The horrors of the Taliban’s tyranny and protracted instability has led to a mass exodus of Shia Hazara from Afghanistan. A significant number have fled to Iran, where Afghans represent the vast majority of the 1 million refugees that the Islamic Republic is currently hosting.[25] While Iran was initially welcoming of Afghan refugees, attitudes have slowly changed. The 1990s saw refugees’ access to education and other essential services become subject to greater and greater restrictions, and in 2007 Iran announced that it would no longer register Afghan refugees, making their presence in Iran illegal[26]. More than a decade later, this has meant that many Afghan refugees in Iran live in poverty and often struggle to find employment. The population is vulnerable to abuse and exploitation, particularly those who are undocumented.[27] Deportations of Afghan refugees has been on the rise since the turn of the century, despite the fact that the security situation in Afghanistan remains critically unstable, with the Taliban still controlling a significant amount of the country. 

Afghan refugees wait at a UNHCR registration center. Source: RFE/RL

The Rise of Fatemiyoun and Zainabiyoun

Iran’s support for Shia militancy in both Pakistan and Afghanistan dates back as far as the 1980s,[28] as groups in both countries arose to resist foreign occupation and sectarian violence. However concerted attempts to raise serious proxy militias did not occur until the recent years, when Iran needed to rally support for its campaign in Syria. 

Employing the same tactics that has already proved effective in Lebanon, Iraq and Yemen, Iranian recruiters intervened into chaotic and desperate situations: the Pakistani Shia being subjected to genocidal campaign the LeJ, and the Afghan Shia refugees in Iran having fled the chaos of Afghanistan to Iran, where their situation remained critically unstable.

In both cases, recruiters purportedly drew on the groups’ histories of oppression and marginalization, emphasizing the sectarian nature of their struggles and drawing parallels with the conflict in Syria.[29] Recruiters pointed to the so-called Islamic State’s attempts to destroy the Shiite Mosque Sayyidah Zaynab in Damascus in 2013, emphasizing that the conflict in Syria was representative of Shia oppression everywhere. Portraying the conflict as sectarian was made easier by the fact that both Al-Nusra and Al-Qaeda entered the fight in the name of Sunni Islam, and after many Pakistani Sunni departed for Syria in order to join the ranks of opposition groups and IS.[30]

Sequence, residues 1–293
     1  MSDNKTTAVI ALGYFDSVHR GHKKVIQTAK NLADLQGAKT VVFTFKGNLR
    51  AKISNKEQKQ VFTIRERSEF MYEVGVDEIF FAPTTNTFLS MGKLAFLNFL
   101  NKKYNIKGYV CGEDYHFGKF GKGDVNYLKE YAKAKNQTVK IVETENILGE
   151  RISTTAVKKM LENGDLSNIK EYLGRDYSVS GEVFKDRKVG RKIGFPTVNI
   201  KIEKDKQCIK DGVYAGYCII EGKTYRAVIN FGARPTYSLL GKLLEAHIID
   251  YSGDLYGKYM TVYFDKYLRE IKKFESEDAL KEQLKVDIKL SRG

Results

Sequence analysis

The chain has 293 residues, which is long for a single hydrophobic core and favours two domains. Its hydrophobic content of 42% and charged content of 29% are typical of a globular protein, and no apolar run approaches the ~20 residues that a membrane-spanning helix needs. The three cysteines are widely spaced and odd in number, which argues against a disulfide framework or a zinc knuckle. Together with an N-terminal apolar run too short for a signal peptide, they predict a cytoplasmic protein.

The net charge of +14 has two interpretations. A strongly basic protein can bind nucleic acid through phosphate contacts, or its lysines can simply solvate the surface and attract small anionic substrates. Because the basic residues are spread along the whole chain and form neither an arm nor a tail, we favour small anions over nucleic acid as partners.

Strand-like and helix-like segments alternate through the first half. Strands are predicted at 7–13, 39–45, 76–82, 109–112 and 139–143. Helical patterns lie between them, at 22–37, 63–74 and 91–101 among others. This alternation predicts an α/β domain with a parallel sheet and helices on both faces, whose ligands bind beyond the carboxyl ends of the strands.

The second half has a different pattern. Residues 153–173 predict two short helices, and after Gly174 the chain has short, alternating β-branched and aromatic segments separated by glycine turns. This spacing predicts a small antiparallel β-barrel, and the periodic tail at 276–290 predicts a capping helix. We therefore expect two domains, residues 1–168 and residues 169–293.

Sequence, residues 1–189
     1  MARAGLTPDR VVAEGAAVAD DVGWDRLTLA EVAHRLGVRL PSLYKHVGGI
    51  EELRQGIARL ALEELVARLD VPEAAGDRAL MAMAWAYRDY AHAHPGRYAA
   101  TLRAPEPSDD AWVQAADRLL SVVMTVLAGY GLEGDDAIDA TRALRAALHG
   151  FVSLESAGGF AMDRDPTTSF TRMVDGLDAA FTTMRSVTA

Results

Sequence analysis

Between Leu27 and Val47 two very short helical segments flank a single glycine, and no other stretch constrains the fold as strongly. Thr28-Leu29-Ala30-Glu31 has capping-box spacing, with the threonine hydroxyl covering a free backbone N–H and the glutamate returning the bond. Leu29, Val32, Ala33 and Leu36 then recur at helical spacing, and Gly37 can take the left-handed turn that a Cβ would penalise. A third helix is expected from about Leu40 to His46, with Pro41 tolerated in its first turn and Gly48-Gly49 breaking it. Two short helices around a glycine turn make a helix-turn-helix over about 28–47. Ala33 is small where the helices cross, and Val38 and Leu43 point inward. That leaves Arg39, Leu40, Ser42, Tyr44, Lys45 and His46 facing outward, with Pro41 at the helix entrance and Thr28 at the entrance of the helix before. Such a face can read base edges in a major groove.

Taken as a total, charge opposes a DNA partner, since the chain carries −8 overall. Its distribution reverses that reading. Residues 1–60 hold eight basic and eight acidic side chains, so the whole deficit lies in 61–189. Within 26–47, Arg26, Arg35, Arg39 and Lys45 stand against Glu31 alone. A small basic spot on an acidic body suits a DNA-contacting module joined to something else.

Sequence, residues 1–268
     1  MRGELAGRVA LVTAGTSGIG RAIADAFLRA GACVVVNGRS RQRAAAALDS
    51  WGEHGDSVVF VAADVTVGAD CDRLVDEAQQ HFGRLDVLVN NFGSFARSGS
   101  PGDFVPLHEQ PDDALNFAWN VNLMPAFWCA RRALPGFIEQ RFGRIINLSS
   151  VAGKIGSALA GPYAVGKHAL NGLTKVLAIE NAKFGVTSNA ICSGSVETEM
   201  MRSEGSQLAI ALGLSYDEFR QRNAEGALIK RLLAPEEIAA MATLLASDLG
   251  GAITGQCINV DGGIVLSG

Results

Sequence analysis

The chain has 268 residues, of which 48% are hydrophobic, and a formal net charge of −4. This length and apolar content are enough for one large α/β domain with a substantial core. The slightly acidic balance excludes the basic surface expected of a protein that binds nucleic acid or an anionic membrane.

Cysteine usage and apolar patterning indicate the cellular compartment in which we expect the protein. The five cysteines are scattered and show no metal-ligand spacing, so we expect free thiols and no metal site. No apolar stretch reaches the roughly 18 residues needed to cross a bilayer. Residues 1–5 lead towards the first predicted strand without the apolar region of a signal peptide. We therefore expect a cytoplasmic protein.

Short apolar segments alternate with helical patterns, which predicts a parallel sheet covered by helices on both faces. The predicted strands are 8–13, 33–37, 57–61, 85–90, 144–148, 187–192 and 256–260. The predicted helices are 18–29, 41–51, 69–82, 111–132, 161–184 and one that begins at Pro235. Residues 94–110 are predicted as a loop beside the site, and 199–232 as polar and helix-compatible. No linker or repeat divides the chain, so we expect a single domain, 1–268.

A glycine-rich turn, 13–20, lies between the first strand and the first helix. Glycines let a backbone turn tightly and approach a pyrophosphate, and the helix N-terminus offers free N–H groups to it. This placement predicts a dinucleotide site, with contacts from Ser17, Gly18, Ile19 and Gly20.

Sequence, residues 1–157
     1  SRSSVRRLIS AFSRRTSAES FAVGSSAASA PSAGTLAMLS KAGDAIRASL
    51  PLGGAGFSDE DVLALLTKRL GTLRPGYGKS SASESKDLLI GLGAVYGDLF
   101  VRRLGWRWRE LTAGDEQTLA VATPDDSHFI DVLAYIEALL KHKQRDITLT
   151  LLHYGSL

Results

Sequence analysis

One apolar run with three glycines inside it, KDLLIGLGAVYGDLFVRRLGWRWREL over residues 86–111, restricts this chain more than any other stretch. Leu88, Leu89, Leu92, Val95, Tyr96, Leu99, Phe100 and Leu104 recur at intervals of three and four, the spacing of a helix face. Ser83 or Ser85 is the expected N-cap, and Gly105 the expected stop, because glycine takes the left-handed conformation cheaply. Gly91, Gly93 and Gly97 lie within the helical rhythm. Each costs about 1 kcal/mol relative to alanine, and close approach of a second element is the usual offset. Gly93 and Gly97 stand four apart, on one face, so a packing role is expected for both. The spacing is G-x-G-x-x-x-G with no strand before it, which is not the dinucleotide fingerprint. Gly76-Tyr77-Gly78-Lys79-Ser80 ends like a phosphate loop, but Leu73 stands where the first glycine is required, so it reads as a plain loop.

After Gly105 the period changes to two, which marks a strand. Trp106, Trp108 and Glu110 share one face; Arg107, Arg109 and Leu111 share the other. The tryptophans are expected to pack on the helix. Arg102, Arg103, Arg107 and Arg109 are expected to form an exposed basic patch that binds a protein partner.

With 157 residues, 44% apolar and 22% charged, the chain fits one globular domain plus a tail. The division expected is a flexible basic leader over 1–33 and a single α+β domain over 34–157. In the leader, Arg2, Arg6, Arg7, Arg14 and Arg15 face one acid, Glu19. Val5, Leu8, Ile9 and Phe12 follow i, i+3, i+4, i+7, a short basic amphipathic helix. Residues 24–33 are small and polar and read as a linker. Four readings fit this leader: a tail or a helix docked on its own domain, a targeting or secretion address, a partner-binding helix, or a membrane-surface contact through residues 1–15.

Iranian recruiters also offered incentives to those who signed up to Fatemiyoun and Zaynabiyoun, which included salaries of up to $1000 US per month, and the chance to resettle permanently, along with their families, in either Iran or Syria following the conclusion of the war.[31] In Iran, where Afghan refugees are often undocumented, there have also been reports of more coercive tactics being used to encourage fighters to join. It is alleged that Iranian recruiters offered prisoners a pardon if they joined,[32] threatened potential recruits with deportation to Afghanistan,[33] and even recruited children as young as 14.[34]

While the recruitment tactics, a mix of incentivization and coercion, are certainly morally dubious, Iranian recruiters successfully raised two formidable militias that are serving Iranian interests in Syria. Fatemiyoun is reportedly comprised of as many as 20,000 fighters,[35] while Zaynabiyoun is estimated to number up to 5000.[36] Both the militias were dispatched to Syria under the assumption that they were going to defend Sayyidah Zaynab in Demascus, but have ended up fighting in places as far flung as Palmyra, Deir al-Zour and Aleppo.[37]

A Fatemiyoun fighter plants his militia’s flag near Deir al-Zour, Syria. Source: FARS

Fighters were provided with a hasty three-week training course in Syria, before being dispatched to fight. Reports indicate that both brigades were used in some of the toughest and casualty-heavy and battles against IS and opposition forces,[38] which explains the lack of recourses expended on their training. The groups’ use as ‘cannon fodder’ has meant that they have incurred heavy losses, but have saved regime and Iranian forces from being depleted by the most grueling confrontations.

Interestingly, members of both Fatemiyoun and Zaynabiyoun who are killed in battle have reportedly been buried in Iran.[39] Given the domestic unpopularity of Iran’s military adventures in Syria, this move is perhaps intended to reduce the number of Iranian coffins arriving home and to create the perception that it is mainly foreign fighters dying in Syria.

As the Syrian war begins to ebb, the remaining fighters from both Fatemiyoun and Zaynabiyoun have reportedly been returning home. However they remain part of the expanding Shiite axis, and it is not unlikely that the groups be called on again should Iran find itself embroiled in regional conflict in the future.


Iran’s expanding influence and network of proxy militias is causing considerable alarm both in the Middle East and further abroad. At such a time it is important to seek an understanding of the numerous factors that have led to the situation in which we now find ourselves.

A comparison of the Shiite communities from which pro-Iranian militias have been raised reveals a common narrative of marginalization and subjugation, and Iran’s determination to capitalize on these sectarian divisions. Similarly, the cases compared in this paper reveal that Iranian intervention most often occurs at times of chaos and instability.